My 3 Self-Improvement Tips On Beating Adversity, Injury, and Failure
In 1999, I was a freshman at Kent State University and we had just beat Wally Sczerbiak in the MAC Tournament to move onto our first NCAA tournament. Wally was an All-American power forward at Miami University. This dude looked like he popped anabolic steroids into his daily smoothie every day, but still had the silky smooth jumper of a 6'9 Larry Bird.
Bye Wally, hello Temple Owls.
A week before playing in the biggest game of my life, I went up to block a shot in the last scrimmage of a grueling three-hour practice and as I came down, I heard:
“Shit. Shittttttttt,” I thought. “NOOOO!”
I twisted into the ground. I laid on the court, pinching my eyes together, writhing in agony, knowing either my ligaments or bones were torn or broken.
I did it again and my first NCAA tournament was over.
Our society teaches, listens, gets distracted, even celebrates and embellishes the dramatic stories of when someone goes down.
How often do you turn on the news and hear the stories of bounce backs?
Yet, the success stories are out there, we just don’t talk about them like we should:
The father that shows up every day and spends time with his kids.
The mother that puts her kids through school.
The grandma that stops smoking at 70.
The grandpa that finishes a marathon.
The stories of real heroism, grit, and success.
I’ve had four ankle surgeries, five fractures, one microfracture, one compound break, and probably twenty ankle sprains in my 25 years of playing hoops. Each time I had an injury, each time the physical pain subsided, I was left with a choice:
Focus on making the best of my injury with a sense of humor, progress, and toughness or let it bring me down and let it ruin my attitude or days.
At 19, I left for Kent State a naive kid. At 22, I left for Europe with a closed mind. At 36, I came back with an open mind, heart, and some very important lessons to share:
You can always change as your experience and perspective change.
Why does this idea of mental fitness and flexibility matter?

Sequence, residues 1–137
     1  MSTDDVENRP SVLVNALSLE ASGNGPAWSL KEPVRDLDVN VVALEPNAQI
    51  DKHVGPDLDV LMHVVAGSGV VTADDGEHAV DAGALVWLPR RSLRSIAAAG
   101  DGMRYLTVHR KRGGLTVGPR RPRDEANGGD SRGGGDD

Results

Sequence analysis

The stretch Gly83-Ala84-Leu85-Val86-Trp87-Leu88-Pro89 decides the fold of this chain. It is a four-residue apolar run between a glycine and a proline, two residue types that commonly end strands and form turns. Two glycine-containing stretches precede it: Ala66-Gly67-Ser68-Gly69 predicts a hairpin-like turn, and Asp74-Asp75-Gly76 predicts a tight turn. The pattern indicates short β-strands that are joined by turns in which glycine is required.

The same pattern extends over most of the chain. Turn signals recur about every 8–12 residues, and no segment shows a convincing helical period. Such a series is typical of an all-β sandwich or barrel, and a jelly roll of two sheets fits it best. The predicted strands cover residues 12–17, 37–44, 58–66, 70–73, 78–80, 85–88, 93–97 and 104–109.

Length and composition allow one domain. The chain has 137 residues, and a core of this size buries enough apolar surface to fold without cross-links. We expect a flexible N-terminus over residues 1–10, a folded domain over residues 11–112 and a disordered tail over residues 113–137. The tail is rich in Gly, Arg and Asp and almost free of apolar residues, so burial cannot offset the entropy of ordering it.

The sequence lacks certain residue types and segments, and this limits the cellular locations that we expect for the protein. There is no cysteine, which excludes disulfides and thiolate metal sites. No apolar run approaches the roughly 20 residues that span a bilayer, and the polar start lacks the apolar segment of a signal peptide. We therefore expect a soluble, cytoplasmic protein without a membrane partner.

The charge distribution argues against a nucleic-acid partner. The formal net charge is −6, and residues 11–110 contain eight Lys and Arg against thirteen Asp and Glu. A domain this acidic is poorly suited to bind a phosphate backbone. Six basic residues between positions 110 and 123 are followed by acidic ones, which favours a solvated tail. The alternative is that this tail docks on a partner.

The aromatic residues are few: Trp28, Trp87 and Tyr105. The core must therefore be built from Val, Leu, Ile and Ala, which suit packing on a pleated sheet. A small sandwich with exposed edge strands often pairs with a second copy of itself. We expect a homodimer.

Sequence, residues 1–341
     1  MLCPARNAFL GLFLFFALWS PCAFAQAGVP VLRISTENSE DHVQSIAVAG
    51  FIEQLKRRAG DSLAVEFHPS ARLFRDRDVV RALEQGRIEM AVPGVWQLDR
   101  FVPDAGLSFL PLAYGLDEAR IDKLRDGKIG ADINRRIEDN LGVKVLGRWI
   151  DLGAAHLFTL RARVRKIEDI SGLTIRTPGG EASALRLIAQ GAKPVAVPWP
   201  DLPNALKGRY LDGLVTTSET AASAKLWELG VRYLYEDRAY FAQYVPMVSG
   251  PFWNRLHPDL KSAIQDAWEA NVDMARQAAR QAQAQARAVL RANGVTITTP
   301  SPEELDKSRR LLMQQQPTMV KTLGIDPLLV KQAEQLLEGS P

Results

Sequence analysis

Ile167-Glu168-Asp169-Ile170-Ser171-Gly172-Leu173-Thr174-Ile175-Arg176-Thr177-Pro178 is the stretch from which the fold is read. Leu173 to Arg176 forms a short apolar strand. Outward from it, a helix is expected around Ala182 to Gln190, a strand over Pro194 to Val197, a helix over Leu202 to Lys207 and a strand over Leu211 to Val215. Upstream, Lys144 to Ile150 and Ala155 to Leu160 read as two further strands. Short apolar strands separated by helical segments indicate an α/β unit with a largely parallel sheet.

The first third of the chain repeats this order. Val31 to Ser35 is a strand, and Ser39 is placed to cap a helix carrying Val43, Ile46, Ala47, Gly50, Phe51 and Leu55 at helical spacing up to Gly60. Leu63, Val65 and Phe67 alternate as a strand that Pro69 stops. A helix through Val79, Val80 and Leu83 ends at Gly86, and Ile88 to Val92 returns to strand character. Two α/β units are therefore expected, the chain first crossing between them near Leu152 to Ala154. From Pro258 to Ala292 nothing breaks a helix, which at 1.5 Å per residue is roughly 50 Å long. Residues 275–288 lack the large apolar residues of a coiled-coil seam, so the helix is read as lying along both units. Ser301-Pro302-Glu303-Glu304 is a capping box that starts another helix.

One of my friends in Europe was Sebastian Bellin. He was a former pro athlete, like me, playing in Belgium, but he had one of the most traumatic experiences and injuries anyone could ever go through. In the same Brussels airport I had sat and enjoyed Starbucks over 30 times in my pro career waiting for flights, friends, and family, Bellin was part of a horrific terrorist bombing that killed and injured hundreds of people.
In his interview with Runner’s World he said:
“When I was dragged away from the blast zone, I was holding on to my leg because I thought it was detached and didn’t want to leave it behind.”
Over the past two years, I have seen his Facebook posts, watched his interviews, and listened to him speak about his experience.
I just shake my head and think: “What would I do? How would I react?”
Yet, this man has never said a negative word or stopped working on himself to find his silver lining and use the experience as fodder for what’s next.
One man’s failure is another man’s fuel.
Which makes me think, the world is full of destruction, pain, and chaos, but what do you decide to choose after it happens to you?
Maybe you’ve never had a traumatic experience. Maybe you feel like I did, the slow decay of your days doing something you aren’t all that passionate about doing.
When professional basketball was over for me, I lost the creativity and energy to think of new possibilities for myself. I was in a negative state, yet nothing really acute happened.